Jonathan was a featured speaker for Inclusion Fusion, and he has much insight and wisdom to share about the Church’s role in soothing broken hearts.

Jonathan has been “labeled” with complicated diagnoses as he has grown up. While these diagnoses help his teachers, therapists and family understand him and his needs, the label that most aptly describes him is “Child of the King.” This is a label he wears proudly, and because of this, he has much to teach.

I have “known” Jonathan for several years, as Colleen and I have been friends and colleagues, sharing our kids’ triumphs and struggles. Until our trip to Dallas, however, I had never actually met him. When he rounded the corner in the Insight offices, I knew right away that this long-anticipated moment had arrived.

“Jonathan!” I said. “I’m so glad to finally meet you. I’m Katie.”

His bespectacled eyes regarded me, and he sized me up.

“We’re equal,” he said solemnly.

I smiled. “We are.” I slipped off my heels and said, “And now we’re even more equal!” He compared his height to mine, smiled and nodded and then off he went to find a spot to read.

We’re equal.

During our day at IFL, we adults talked a lot about God, suffering, prayer and theology. The discussions were enriching, and both stretched and comforted me. However, nothing that was said came close to inspiring me the way Jonathan’s statement did. In two words, he wrapped up 1 Corinthians 12 in a delightfully boyish and joyful package.

We’re equal. All of us…regardless of size or diagnosis or strengths or needs…and we’re all necessary to what God has planned for the Church.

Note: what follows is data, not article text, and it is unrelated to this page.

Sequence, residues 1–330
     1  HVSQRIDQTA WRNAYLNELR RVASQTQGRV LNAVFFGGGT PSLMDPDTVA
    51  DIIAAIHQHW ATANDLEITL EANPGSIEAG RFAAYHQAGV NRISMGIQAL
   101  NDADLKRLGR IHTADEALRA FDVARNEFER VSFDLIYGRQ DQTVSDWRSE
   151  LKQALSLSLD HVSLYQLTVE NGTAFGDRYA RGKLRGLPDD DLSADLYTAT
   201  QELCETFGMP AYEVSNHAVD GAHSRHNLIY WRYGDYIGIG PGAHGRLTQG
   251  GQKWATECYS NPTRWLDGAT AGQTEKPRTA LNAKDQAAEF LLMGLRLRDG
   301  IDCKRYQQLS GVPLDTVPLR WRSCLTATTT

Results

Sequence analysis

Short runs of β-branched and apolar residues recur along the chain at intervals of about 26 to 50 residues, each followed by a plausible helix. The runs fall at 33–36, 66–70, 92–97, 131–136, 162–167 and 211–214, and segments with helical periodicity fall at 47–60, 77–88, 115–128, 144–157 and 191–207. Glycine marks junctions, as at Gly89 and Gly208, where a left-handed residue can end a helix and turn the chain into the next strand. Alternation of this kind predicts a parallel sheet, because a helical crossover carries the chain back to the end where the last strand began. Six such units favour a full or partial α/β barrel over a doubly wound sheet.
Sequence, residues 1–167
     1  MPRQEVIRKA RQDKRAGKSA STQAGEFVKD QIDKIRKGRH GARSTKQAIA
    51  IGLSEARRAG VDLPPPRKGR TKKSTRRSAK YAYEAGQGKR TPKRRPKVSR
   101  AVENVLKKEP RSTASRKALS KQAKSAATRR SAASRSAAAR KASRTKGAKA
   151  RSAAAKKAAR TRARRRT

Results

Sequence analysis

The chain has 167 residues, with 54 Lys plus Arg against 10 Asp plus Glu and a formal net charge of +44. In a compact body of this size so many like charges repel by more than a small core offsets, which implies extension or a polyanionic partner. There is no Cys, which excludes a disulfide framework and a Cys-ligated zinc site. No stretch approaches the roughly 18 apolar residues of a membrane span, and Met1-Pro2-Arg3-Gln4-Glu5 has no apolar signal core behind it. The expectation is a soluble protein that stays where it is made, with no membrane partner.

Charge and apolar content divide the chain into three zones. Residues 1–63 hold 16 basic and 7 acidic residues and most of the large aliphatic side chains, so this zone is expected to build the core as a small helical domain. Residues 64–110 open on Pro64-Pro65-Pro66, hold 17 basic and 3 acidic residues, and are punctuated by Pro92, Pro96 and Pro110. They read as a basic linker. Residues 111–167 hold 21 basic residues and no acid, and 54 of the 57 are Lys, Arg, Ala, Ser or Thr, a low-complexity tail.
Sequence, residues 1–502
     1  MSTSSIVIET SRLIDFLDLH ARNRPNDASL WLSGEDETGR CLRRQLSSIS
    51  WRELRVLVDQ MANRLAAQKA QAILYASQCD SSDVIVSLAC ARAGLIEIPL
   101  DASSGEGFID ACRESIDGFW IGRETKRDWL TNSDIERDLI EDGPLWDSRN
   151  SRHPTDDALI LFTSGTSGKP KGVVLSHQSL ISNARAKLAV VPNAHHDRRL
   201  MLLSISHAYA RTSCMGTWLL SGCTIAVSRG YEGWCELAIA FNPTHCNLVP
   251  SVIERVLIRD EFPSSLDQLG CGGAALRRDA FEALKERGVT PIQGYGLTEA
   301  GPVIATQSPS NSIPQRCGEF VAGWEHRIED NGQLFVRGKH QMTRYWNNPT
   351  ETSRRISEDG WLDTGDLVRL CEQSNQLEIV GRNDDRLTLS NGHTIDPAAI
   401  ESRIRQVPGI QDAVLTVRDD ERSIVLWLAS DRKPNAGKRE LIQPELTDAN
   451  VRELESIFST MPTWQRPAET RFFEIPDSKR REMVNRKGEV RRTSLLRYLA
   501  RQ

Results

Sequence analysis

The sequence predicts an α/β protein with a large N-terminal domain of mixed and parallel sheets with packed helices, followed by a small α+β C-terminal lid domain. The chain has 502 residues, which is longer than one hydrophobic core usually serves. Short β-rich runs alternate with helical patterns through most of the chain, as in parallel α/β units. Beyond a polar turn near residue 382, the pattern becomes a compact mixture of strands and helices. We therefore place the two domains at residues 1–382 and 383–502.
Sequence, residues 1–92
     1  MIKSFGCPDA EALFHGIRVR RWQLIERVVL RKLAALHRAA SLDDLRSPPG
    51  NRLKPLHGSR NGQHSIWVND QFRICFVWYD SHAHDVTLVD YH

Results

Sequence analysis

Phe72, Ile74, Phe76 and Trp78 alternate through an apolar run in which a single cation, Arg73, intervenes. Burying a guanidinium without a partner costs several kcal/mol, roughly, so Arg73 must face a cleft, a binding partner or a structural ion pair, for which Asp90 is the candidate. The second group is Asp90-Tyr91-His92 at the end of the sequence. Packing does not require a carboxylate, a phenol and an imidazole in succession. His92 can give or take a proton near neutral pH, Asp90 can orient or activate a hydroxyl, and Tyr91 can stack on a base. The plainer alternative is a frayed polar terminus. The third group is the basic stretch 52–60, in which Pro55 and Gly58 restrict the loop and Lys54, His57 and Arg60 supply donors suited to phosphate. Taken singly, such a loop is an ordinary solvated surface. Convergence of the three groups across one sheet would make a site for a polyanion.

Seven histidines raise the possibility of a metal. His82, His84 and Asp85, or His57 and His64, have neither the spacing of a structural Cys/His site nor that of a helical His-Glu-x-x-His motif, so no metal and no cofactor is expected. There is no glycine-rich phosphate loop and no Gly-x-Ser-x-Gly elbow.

I hope that the truth of Jonathan’s words will press us forward as we focus on awareness and understanding for friends and families affected by autism today….and every day.

Equally yours~

Katie

To listen to some of my interviews with the Swindoll family, please visit Steve Grcevich’s blog.

Amazing people {who happen to have autism}: Conversations with Carlyle

Last week, I introduced you to my friend, Carlyle King.

Over the past several months, Carlyle and I have worked together, through phone conversations, email and Facebook, to do some planning; he wanted help in starting an inclusion ministry at his local church. He is uniquely qualified to do this; Carlyle himself is on the autism spectrum.

Our first planning session was via Facebook instant-message. Carlyle shared his ideas for the first Sunday: He planned to attend church wearing a t-shirt that said, “I have autism and I think you’re weird, too.”

Inside, I felt a bit of panic. What if they think he’s being abrasive or flippant or unapproachable?

And God, in His infinite wisdom, probably giggled at that moment, and whispered, “Oh ye of little faith…” under His breath.

I gently posed my concerns to Carlyle, mentioning my penchant for diplomacy.

He replied, “I guess I’m not really sure why (the t-shirt) would be a problem…it’s actually true. From the perspective of someone with autism…(people who are “neurotypical”) are just as confusing to us as we are to them.” He continued, “I’ve tried the gentle approach. This (ministry) is getting started because I started showing people real examples and telling them it is wrong. My friend’s 16 year-old son has been repeatedly bullied at church. We finally told the senior pastor that this is plain wrong and needs to be fixed now.I have more stories, but ultimately, the only thing that has worked for me is being completely blunt.”